I did not need this a week before Christmas, Telltale. (MAJOR SPOILERS, duh!)

So, I just spent an hour and a half yesterday afternoon getting my heart ripped out by All That Remains, The opening episode of The Walking Dead Season 2. If anyone thought that what made The Walking Dead an incredible experience last year would be neutered by either the departure of project leads Sean Vanaman and Jake Rodkin, or the fact that you are now playing as Clementine, think again - All That Remains is a fine indicator that there are still no punches being pulled in this series.

In fact, it's a series of punches again and again that leads to one of the most emotionally exhaustive games ever to be put before an audience. By the end of the episode, I honestly felt knackered - the pent up tension that steadily built up, the tears, the anxiety. All That Remains stands up there with some of the best moments from Season 1 as a masterclass in, well... working those feels. Let's start with feels moment one:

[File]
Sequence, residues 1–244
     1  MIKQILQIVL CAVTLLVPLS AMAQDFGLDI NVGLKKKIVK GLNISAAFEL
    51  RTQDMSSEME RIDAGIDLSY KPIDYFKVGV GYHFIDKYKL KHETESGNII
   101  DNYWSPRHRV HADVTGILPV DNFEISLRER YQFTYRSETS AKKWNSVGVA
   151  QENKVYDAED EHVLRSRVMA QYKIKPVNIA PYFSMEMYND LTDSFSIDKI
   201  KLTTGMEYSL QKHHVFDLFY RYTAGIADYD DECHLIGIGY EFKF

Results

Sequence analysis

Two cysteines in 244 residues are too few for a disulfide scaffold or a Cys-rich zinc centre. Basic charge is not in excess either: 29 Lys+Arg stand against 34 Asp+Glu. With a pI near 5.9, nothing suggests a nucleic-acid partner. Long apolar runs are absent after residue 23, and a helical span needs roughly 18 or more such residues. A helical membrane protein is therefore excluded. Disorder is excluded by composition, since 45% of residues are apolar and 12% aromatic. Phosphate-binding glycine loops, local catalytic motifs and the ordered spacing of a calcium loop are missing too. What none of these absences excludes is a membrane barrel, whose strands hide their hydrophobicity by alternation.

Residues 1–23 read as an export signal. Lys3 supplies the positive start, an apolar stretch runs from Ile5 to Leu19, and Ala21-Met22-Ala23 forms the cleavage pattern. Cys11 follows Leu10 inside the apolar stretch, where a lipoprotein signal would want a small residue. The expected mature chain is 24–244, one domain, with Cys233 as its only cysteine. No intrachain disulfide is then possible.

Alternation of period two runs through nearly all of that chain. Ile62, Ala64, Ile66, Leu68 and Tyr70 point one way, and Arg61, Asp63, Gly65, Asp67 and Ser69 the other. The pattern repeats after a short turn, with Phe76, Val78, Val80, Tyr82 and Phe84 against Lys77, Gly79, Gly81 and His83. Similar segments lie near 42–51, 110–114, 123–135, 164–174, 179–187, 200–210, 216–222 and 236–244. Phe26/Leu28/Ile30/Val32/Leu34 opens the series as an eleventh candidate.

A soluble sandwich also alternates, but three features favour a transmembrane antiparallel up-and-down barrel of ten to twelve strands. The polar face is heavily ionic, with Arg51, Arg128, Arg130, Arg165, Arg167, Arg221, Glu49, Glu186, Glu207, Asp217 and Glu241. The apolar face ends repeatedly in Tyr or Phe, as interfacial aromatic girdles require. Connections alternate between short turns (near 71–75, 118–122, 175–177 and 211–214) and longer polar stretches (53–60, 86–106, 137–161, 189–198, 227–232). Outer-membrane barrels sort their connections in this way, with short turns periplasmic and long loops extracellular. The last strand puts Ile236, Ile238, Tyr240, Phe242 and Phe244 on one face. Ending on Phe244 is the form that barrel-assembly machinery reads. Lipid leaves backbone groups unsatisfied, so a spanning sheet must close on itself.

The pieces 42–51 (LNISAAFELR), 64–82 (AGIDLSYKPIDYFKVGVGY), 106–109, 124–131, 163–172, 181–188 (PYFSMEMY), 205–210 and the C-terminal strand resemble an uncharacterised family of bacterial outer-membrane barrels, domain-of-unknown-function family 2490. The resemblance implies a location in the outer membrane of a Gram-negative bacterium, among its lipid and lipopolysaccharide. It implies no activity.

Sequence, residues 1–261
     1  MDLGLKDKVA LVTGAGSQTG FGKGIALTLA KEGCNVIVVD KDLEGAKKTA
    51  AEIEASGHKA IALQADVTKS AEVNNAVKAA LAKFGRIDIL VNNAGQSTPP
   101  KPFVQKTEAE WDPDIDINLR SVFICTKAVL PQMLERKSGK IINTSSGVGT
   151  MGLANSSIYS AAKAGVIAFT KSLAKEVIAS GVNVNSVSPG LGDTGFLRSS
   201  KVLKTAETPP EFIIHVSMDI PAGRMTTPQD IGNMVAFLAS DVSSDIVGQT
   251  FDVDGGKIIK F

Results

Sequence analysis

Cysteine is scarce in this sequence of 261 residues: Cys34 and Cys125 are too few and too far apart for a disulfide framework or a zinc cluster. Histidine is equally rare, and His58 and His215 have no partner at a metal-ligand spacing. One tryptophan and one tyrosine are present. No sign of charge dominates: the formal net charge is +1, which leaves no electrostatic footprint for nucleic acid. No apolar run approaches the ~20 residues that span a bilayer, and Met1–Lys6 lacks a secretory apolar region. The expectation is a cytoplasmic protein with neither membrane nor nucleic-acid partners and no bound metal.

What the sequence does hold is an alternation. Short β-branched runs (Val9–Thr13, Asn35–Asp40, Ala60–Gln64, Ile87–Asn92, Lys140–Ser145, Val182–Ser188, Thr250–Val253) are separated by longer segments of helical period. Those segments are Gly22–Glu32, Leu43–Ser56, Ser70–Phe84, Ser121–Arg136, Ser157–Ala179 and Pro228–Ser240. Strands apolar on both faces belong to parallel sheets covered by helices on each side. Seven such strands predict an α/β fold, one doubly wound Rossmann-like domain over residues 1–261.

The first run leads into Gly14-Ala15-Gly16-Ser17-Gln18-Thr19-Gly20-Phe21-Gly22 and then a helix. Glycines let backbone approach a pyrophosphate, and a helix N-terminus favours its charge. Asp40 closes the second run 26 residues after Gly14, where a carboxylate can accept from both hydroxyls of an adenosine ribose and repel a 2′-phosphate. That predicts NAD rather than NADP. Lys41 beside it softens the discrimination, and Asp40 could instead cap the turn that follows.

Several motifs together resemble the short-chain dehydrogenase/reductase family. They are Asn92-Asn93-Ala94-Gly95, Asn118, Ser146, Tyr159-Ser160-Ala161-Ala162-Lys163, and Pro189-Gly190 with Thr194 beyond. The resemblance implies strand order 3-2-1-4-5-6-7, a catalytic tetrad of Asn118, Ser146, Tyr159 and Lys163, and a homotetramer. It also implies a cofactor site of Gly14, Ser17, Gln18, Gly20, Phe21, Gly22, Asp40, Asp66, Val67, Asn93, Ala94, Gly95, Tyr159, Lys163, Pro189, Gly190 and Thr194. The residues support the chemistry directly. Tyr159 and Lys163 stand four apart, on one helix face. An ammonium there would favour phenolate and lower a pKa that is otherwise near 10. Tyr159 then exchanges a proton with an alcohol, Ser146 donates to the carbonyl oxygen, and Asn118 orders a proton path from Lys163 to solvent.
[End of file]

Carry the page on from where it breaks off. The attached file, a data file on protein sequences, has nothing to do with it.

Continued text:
All That Remains is an exercise in instilling the player with hope, before ruthlessly tearing it away. Within moments of feeling secure - Clementine is with people she knows, they have supplies, Omid and Christa have hopes for their future child - a close encounter with another survivor leads to the swift, shocking death of not just a character the player has been familiar with over the course of several months, but yet another part of Clementine's innocence. After losing Lee at the end of Season 1, Clementine finds another guardian figure - but they're taken from her within a heartbeat. Perhaps most gutwrenchingly is that it's not even a walker that does Omid in, but another survivor of the apocalypse, driving home that whilst the dead may be walking, they're by no means the biggest threat in this new world.


And it's Clementine's fault. For the slightest of moments after he's shot, Omid looks directly ahead, through the Camera, and out to the audience. And that one moment he's looking at you, at Clementine, and you know: It's your fault. If Clementine hadn't left her gun at the sink, Michelle would've been unarmed. If she hadn't been careless cleaning herself, she might've had the advantage when Michelle snuck into the Bathroom stalls. It's never held against the player or Clementine over the course of the episode, but it's there in that one fleeting moment - this is on you. And it's completely harrowing for both Clementine as your avatar, and yourself as the player, hanging in your mind for the rest of the episode.